Acquisitions: Part One
“Acquire a friend for yourself (Avot 1:6).” How? Since I first learned this Mishna as a little boy I’ve heard it explained as, ‘even if you have to buy the friendship with gifts.’ It hasn’t worked for me, and I believe that I’ve never seen it work for someone else.
I have another question: Why does the Mishna not teach us for what to look in a friend? Does the Mishna wants us to find a friend who can be bought?
Rashi comments on Hillel’s famous teaching, “What is hateful to you, do not do to your friend (Shabbat 31a),” “Do not forsake your friend or the friend of your father (Proverbs 27:10),” ‘friend’ refers to the Holy One, Blessed is He. When we apply Rashi’s teaching, this Mishna means to acquire God as a friend. God certainly cannot be bought. The key must be the definition of acquisition.
I always read this Mishna as more than a list, or even a prioritized list, meaning that it is more important to make someone your personal rebbi (who is focused on lecha, you as an individual) than it is to acquire a friend; I read it as an ordered list: First, make a Rebbi for yourself. Second, acquire a friend. Third, in order to retain the rebbi and friend, learn to always judge someone more to the side of merit than fault. If we read the entire Mishna through the lens of the above Rashi, that the friend is God, how do we understand the instruction to make a rebbi for ourselves? Is God the Rebbi? Do we need a Rebbi to guide us in acquiring God as a friend?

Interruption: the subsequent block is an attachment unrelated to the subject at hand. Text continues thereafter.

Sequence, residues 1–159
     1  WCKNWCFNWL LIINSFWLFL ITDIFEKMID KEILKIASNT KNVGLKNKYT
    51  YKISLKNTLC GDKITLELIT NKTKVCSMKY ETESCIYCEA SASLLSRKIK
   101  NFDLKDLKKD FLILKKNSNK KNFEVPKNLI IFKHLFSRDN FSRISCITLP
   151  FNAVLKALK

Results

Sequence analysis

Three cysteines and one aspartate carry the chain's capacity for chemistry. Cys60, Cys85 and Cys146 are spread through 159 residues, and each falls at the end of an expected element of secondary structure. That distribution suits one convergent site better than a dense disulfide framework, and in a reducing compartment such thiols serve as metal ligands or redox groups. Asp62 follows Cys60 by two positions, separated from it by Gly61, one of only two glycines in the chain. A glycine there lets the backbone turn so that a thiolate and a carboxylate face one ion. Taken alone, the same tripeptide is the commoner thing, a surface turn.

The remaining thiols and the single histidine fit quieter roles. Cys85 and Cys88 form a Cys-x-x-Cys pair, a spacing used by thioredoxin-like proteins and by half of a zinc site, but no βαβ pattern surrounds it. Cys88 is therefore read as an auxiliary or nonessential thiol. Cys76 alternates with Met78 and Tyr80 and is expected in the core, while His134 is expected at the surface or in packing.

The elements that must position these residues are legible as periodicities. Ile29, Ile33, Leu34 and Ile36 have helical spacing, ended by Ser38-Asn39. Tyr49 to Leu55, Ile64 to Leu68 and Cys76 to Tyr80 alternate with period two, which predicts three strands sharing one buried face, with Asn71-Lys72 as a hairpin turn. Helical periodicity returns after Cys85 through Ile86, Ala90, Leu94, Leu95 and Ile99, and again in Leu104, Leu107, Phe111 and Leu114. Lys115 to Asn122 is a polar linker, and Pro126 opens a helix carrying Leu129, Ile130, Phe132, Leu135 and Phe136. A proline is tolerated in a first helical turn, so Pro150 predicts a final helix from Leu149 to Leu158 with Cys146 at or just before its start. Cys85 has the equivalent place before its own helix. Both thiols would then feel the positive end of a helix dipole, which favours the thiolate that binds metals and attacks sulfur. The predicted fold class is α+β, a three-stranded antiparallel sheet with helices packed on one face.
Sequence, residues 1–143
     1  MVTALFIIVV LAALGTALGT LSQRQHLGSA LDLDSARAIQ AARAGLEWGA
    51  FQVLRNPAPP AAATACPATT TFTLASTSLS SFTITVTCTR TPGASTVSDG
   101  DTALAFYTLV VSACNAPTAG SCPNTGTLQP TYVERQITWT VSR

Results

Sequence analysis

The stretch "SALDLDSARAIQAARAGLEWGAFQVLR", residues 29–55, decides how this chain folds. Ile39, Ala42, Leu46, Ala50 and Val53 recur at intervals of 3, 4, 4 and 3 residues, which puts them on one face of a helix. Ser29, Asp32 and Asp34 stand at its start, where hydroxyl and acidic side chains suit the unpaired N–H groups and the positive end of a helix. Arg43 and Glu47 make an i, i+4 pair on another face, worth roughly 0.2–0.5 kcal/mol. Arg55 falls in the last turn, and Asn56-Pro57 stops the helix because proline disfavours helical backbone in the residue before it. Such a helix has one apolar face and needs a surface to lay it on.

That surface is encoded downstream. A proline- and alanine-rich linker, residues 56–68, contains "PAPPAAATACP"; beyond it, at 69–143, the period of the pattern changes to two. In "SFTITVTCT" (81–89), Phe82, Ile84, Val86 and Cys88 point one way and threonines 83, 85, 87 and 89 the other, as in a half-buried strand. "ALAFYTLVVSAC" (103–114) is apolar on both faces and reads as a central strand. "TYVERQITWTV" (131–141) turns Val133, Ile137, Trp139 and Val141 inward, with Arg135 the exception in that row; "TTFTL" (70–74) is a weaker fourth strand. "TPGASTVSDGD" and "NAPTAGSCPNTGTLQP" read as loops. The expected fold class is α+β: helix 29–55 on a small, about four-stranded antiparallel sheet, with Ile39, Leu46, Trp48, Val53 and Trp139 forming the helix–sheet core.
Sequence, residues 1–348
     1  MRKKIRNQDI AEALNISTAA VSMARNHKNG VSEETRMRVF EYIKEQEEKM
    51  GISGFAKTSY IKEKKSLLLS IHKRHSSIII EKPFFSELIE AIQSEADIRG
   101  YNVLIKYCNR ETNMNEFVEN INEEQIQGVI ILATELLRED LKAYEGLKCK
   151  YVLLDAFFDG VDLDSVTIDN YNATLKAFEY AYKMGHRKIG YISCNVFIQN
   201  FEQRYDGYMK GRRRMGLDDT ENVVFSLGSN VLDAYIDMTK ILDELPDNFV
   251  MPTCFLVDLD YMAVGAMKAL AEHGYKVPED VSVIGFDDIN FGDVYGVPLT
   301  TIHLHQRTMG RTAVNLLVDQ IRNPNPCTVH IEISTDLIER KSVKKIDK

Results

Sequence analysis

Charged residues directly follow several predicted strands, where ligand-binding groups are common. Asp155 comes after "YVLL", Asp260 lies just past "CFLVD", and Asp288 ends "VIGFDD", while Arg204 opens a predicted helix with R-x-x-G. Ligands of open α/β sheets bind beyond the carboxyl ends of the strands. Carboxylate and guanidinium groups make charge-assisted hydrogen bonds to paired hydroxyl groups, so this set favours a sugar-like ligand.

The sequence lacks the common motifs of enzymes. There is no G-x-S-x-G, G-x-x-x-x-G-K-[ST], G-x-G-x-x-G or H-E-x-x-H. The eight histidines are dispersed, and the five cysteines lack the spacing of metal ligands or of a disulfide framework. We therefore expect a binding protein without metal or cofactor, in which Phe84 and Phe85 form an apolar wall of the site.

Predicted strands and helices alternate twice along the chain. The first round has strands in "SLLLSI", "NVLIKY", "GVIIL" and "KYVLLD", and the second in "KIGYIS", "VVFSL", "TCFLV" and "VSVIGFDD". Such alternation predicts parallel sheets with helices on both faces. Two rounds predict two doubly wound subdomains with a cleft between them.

Is it possible that the steps after the Children of Israel crossed the Split Sea, especially Marah, where Moshe began to teach Torah, intended for the people to make Moshe their rebbi, preparing them for Sinai, where they could acquire God as a friend? Would their stop in Eilim, with its Twelve springs of water and Seventy palm trees, have been their opportunity to make Moshe their personal rebbi?
The Rambam introduces Sefer Kinyan – The Book of Acquisition, with the verse, “The beginning of wisdom: Acquire wisdom; with all your resources, gain understanding (Proverbs 4:7).” ‘Acquire wisdom,’ cannot possibly mean to purchase wisdom, but to make it ours, as one who picks up a portable object to make it his, or pays for, or writes a contract for a field to acquire ownership.
Acquisition means to make it mine. Why are we instructed to make someone our personal Rebbi, but to acquire a friend?
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